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Mind the Gap: Is Public Shaming the Way to End Pay Inequity?

Sarah Thomas
2/12/2016

New regulation introduced in the UK on Friday will require private companies with more than 250 employees to reveal their pay gap by gender in the hopes that public shaming will spark change.

The regulations, put forth by Women and Equalities Minister Nicky Morgan, will affect 8,000 employers across the UK and require that they start calculating the pay gap from April 2017 with the first tables reported in April 2018. These reports will be published on each company's website, will be searchable via an online database and are expected to be updated every year.

Immediately following the news, there's already ample dissent on whether this new regulation is too much or not enough. The BBC reports that some have criticized the regulation for not requiring companies to report until 2018, meaning they don't have to account for today's gap or outline the ways they will work to improve it.

On the flip-side, others point out that the tables only paint a partial picture as they don't account for the mix of part-time and full-time workers or sectoral differences.


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The idea behind the tables is to increase transparency as a first step towards fixing the problem. It's a method that companies like Intel Corp. (Nasdaq: INTC) and Accenture have undertaken voluntarily, while others like many of the tech companies in Silicon Valley have done more reluctantly, in many cases. (See Intel Closed the Gender Pay Gap in 2015, WiCipedia: Open Source Favoritism, Fairygod Bosses & Crooked Credit Checks and A Vast Valley: Tech's Inexcusable Gender Gap.)

In my opinion, the pay gap is a big problem -- women still make 78.6% as much as men on average, and if current trends continue, that gap isn't expected to close until 2059.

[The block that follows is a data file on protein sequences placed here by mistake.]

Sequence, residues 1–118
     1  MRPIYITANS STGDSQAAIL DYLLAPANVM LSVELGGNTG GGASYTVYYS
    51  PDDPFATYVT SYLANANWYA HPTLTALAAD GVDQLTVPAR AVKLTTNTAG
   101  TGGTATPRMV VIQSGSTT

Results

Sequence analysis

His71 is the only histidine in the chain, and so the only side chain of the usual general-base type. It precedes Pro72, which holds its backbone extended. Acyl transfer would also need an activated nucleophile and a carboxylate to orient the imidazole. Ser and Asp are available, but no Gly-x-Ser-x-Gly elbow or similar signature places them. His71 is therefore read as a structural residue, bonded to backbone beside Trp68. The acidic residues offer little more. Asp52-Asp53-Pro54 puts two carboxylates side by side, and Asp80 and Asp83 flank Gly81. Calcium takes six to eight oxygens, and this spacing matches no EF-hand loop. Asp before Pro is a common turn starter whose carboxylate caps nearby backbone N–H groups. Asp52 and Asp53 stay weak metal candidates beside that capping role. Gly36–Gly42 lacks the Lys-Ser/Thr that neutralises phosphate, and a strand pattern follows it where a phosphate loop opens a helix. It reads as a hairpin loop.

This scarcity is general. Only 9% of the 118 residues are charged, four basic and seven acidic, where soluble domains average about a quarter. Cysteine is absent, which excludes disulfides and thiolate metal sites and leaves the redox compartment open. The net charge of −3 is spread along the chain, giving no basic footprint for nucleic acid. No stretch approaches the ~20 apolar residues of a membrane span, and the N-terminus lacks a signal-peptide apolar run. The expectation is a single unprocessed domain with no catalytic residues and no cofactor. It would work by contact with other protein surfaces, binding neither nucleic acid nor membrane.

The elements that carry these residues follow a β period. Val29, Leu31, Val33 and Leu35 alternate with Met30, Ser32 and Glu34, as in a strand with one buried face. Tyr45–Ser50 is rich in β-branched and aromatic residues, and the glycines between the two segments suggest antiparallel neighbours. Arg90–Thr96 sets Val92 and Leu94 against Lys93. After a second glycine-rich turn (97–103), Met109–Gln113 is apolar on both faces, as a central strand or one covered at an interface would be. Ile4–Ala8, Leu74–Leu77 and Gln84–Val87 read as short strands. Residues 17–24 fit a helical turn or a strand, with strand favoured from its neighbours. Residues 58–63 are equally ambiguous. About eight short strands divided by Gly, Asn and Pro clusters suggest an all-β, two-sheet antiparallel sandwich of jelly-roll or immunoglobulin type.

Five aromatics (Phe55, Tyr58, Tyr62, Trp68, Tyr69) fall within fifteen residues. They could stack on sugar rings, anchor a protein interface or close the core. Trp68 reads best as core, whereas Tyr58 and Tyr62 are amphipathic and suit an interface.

That said, I'm not sure naming-and-shaming companies that have gaps in their pay is the best way of going about fixing it -- at least not without context. There are many reasons for pay discrepancies, and the ones outlined above are important ones. Do they lump in full-time, part-time workers and those that fall somewhere in between? Is it safe to assume all employees' education and past work experiences are equal? In some instances, did the female ask for more? It's unfortunate, but men tend to ask for more at a higher rate than women, so while the offer may have started the same, it might not end up that way.

I'm all for transparency -- it's an important first step. And the pay gap can be closed -- Intel has shown us that. But to do so in a meaningful way and before 2059, companies need to examine their culture and pay practices to get to the root of what is a multi-faceted issue, women need to demand the pay they deserve and the numbers being reported need to tell the full story.

— Sarah Thomas, Circle me on Google+ Follow me on TwitterVisit my LinkedIn profile, Editorial Operations Director, Light Reading

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mendyk
mendyk
2/14/2016 | 3:24:41 PM
Re: What do you think?
I agree -- there's no simple or simplistic way to identify the nature of the disparity, let alone to identify possible remedies. Making aggregated (and hence not individualized) data publicly available seems a reasonable if limited step. At the least, it may get HR departments to do something useful to make sure their company isn't falling behind the disparity-correction curve.
Sarah Thomas
Sarah Thomas
2/12/2016 | 6:38:11 PM
What do you think?
I'm a little torn on this issue, if that's not obvious. Transparency is important, and women should absolutely make the same as men, all else being equal, but it's not as cut-and-dry as the numbers may make it seem.

What do you all think?
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